But while we fought to build up USG, the games industry itself was shifting beneath our feet. When USG started in 2013, influencers were still a relatively new concept in the games media, and streaming barely existed. The games media was in the midst of a vast upheaval as magazines fell away and legacy outlets closed their doors. A new ecosystem was forming, fueled by the transformative rise of smartphones and social media.

I’m not one to get overly-sentimental about the old days of the games media; after all, as Jaz so astutely pointed out, video game magazines were their own form of clickbait. But there was a certainty to the work of putting out a magazine every month that I found comforting. In the 2010s, the media for better or worse ceased to be the gatekeepers, with publishers hiring their own social media team, and influencers gaining vast audiences of their own. Navigating this new landscape was incredibly challenging; I can’t count the number of meetings I sat in where we tried to find the “right” strategy for coverage. USG’s own coverage priorities reflected that as we vacillated between prioritizing features and essays versus industry reporting. In the meantime, Google was its own mysterious black box, and Facebook was even worse.

Then there was the community itself. I joined USG in 2014, the year that a loose collection of aggrieved gaming enthusiasts and right-wing provocateurs calling themselves “Gamergate” basically declared war on the games media. I remember feeling like we were all trapped in the middle of a hurricane, just trying to hold on lest we get blown away. It was an eye-opening experience for me and many other women in the games industry, and we’re still seeing its effects today. Just a few weeks ago, one particularly infamous Youtube channel directed its audience of more than a million subscribers at a woman who dared to give Cyberpunk 2077 a middling review (this being before the gaming public as a whole turned against it). Little has improved since 2014; if anything, it’s gotten much worse.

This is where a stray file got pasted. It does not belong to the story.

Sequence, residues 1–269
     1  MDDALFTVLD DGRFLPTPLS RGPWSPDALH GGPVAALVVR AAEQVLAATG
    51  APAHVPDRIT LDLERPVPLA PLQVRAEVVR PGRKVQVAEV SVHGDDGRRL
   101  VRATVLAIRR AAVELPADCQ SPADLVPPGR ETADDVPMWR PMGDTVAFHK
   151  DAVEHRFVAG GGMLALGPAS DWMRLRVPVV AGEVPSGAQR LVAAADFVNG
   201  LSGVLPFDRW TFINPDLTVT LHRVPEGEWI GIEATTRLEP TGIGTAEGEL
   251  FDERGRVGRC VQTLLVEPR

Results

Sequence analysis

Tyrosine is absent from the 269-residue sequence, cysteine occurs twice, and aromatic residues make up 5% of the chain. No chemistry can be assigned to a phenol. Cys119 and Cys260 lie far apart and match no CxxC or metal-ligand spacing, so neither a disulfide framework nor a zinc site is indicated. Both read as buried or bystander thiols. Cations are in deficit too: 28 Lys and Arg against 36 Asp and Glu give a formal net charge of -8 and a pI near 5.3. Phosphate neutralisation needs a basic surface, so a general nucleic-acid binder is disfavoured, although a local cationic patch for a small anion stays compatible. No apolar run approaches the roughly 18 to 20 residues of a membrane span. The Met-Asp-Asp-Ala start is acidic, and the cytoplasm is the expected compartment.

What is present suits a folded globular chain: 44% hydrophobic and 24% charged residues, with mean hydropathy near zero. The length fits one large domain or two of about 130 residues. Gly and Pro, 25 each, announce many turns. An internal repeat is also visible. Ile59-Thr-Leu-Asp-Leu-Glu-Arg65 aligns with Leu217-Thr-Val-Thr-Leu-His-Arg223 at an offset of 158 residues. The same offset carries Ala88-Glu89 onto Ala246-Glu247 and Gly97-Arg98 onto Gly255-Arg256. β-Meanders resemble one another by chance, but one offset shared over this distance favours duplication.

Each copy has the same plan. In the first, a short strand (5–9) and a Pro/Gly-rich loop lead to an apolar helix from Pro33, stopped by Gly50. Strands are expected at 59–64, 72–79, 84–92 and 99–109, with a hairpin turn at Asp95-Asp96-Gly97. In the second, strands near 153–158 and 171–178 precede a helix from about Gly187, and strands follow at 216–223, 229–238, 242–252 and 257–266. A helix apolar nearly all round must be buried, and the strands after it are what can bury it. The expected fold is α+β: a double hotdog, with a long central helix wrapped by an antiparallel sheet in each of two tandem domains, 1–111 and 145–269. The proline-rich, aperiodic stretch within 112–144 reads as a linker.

Still, one thing is certain: gaming is a mainstream concern now. Gone are the days when gaming culture was treated as a weird backwater for shut-ins and overgrown teenagers. The Washington Post has a gaming vertical now. U.S. Representative Alexandria Ocasio-Cortez is playing Among Us for an audience numbering in the hundreds of thousands. When a real controversy erupts in the games industry, as it recently did with Cyberpunk 2077, it’s covered by the New York Times and the BBC.

Frustratingly, the broader culture of gaming doesn’t seem to have caught up with this shift. Games coverage is still mostly a marketing exercise, a neverending hype cycle in which underpaid journos and influencers battle for space in the Google news box. Nowhere is this dichotomy more apparent than The Game Awards. After this year’s show, I tweeted my disappointment at how the amazing essayists, historians, and independent journalists on Youtube and elsewhere are consistently overlooked.

That’s my parting shot as I wrap up my time at USgamer: games deserve better. The media needs to be more thoughtful in how it covers games, and more knowledgeable about how games are made in general. High-quality creators need to be surfaced so they can receive the attention they deserve. Developers and media companies alike need to offer more competitive salaries and stop working their employees to death.